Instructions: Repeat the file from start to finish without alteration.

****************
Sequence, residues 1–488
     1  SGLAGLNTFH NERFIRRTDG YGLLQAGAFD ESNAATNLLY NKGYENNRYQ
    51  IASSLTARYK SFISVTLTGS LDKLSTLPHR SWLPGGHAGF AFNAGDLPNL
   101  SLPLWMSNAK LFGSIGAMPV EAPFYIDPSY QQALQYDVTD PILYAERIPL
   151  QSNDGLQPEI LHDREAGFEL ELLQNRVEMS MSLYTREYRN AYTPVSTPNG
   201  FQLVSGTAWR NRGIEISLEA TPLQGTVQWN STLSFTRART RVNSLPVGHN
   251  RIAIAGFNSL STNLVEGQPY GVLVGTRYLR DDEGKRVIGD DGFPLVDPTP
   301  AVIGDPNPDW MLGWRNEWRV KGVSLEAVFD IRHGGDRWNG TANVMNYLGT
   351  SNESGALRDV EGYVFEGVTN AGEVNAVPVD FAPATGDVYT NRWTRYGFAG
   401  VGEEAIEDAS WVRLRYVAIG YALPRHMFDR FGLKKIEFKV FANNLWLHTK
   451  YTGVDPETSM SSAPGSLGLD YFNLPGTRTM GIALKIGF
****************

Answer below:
Sequence, residues 1–488
     1  SGLAGLNTFH NERFIRRTDG YGLLQAGAFD ESNAATNLLY NKGYENNRYQ
    51  IASSLTARYK SFISVTLTGS LDKLSTLPHR SWLPGGHAGF AFNAGDLPNL
   101  SLPLWMSNAK LFGSIGAMPV EAPFYIDPSY QQALQYDVTD PILYAERIPL
   151  QSNDGLQPEI LHDREAGFEL ELLQNRVEMS MSLYTREYRN AYTPVSTPNG
   201  FQLVSGTAWR NRGIEISLEA TPLQGTVQWN STLSFTRART RVNSLPVGHN
   251  RIAIAGFNSL STNLVEGQPY GVLVGTRYLR DDEGKRVIGD DGFPLVDPTP
   301  AVIGDPNPDW MLGWRNEWRV KGVSLEAVFD IRHGGDRWNG TANVMNYLGT
   351  SNESGALRDV EGYVFEGVTN AGEVNAVPVD FAPATGDVYT NRWTRYGFAG
   401  VGEEAIEDAS WVRLRYVAIG YALPRHMFDR FGLKKIEFKV FANNLWLHTK
   451  YTGVDPETSM SSAPGSLGLD YFNLPGTRTM GIALKIGF